ISMH - translation to English
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ISMH - translation to English

PROTECTED FRENCH BUILDING AS A HISTORICAL MONUMENT (USE « CLASSIFIED HISTORICAL MONUMENT » AND « INSCRIBED HISTORICAL MONUMENT »)
Monument Historique; Monuments historiques; Caisse Nationale des Monuments Historiques; Historical Monument (France); French Historical Monument; ISMH; Monument historiques
  • The Schlumpf automobile collection was classified as a ''Monument Historique'' in 2018 to prevent its dispersal. It is on display in Paris at the National Museum of the Automobile.
  • The old citadel and walls of [[Carcassonne]] were controversially restored by Viollet-le-duc to a state that had never existed at any point in history in 1853.
  • The Church of [[Notre-Dame du Taur]] in [[Toulouse]] ([[Haute-Garonne]]), was one of the original historic monuments classified by the French state in 1840.
  • The [[Phare d'Eckmühl]] ([[Finistère]]) is one of many [[lighthouse]]s relatively recently added to the list of French historic monuments as part of a recognition of France's significant maritime built environment.
  • The [[Château de Villandry]] in the [[Indre-et-Loire]] departement was listed as MH in 1934.
  • Eugène-Emmanuel Viollet-le-duc, a friend of Prosper Merrimée, was one of the first architects employed to restore some of the first buildings listed on the Historic Monuments register in 1840.
  • [[Fontevraud Abbey]], founded in 1101 in [[Angers]] ([[Maine-et-Loire]]), was suppressed during the French Revolution but named one of the first ''Monuments Historiques'' on the 1840 list.
  • Density of ''monuments historiques'' by 100 km² (red is the highest)
  • ''Monument historique'' logo, based on the [[Labyrinth of the Reims Cathedral]]
  • Saint-Lambert]] ([[Yvelines]]), is classified as a historical monument, as are, independently, its bell on the one hand, and the cemetery on the other.
  • Henri Labrouste's Bibliothèque Sainte-Geneviève, with its famous reading room, was not listed until 1988.
  • The Villa Majorelle in Nancy was one of the early sites classified as "20th Century Heritage," as part of the work of the Ecole de Nancy in 1999.
  • Ludovic Vitet served as the first Inspector of Historic Monuments from 1830 to 1834.

ISMH      
supplementary inventory of historical monuments

Wikipedia

Monument historique

Monument historique (French: [mɔnymɑ̃ istɔʁik]) is a designation given to some national heritage sites in France. It may also refer to the state procedure in France by which national heritage protection is extended to a building, a specific part of a building, a collection of buildings, a garden, a bridge, or other structure, because of their importance to France's architectural and historical cultural heritage. Both public and privately owned structures may be listed in this way, as well as movable objects. As of 2012 there were 44,236 monuments listed.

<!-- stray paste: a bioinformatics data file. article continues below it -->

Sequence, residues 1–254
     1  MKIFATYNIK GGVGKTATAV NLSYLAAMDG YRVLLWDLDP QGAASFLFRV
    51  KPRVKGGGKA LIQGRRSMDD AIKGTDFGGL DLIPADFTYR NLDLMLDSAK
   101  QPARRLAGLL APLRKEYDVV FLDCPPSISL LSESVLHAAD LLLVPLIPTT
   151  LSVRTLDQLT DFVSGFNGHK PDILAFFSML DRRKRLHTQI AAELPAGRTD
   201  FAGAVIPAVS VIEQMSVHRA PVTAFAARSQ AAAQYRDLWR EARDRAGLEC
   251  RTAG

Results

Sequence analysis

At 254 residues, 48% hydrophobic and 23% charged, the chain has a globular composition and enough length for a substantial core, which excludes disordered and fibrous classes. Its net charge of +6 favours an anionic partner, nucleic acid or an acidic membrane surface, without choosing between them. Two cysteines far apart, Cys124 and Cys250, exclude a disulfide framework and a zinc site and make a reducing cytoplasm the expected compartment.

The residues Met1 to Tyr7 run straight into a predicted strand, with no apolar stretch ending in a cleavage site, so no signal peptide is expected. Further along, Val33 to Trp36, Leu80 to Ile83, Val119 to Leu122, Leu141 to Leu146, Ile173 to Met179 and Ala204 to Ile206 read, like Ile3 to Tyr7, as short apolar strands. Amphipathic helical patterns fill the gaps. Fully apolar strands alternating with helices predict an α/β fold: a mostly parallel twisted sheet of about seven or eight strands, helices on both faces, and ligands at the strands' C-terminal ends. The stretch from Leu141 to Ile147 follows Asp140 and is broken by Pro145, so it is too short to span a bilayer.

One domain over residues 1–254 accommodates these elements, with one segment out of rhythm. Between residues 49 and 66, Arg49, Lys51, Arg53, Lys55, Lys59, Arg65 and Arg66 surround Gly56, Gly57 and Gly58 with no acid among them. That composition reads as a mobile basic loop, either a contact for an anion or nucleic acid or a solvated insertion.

The term "classification" is reserved for designation performed by the French Ministry of Culture for a monument of national-level significance. Monuments of lesser significance may be "inscribed" by various regional entities.

Buildings may be given the classification (or inscription) for either their exteriors or interiors. A monument's designation could be for a building's décor, its furniture, a single room, or even a staircase. An example is the monument historique classification of the décor in the café "Deux Garçons" in Aix-en-Provence whose patrons once included Alphonse de Lamartine, Émile Zola and Paul Cézanne. Some buildings are designated because of their connection to a single personality, such as the Auberge Ravoux in Auvers-sur-Oise which is designated an MH because of its connection to the painter Vincent van Gogh. Since the 1990s, a significant number of places have been given the designation because of their historical importance to science.

The MH designation traces its roots to the French Revolution when the government appointed Alexandre Lenoir to specify and safeguard certain structures. Though the first classifications were given in the 19th century by the writer Prosper Mérimée, inspector-general of historical monuments, by a first list established in 1840. In 1851, Mérimée organized the Missions Héliographiques to document France's medieval architecture.

A "monument historique" may be marked by the official logo for the program, signage for which is distributed by the Union Rempart, a union of French historical restoration associations. It consists of a design representing the labyrinth that used to be in Reims Cathedral, which is itself a World Heritage Site. Use of the logo is optional.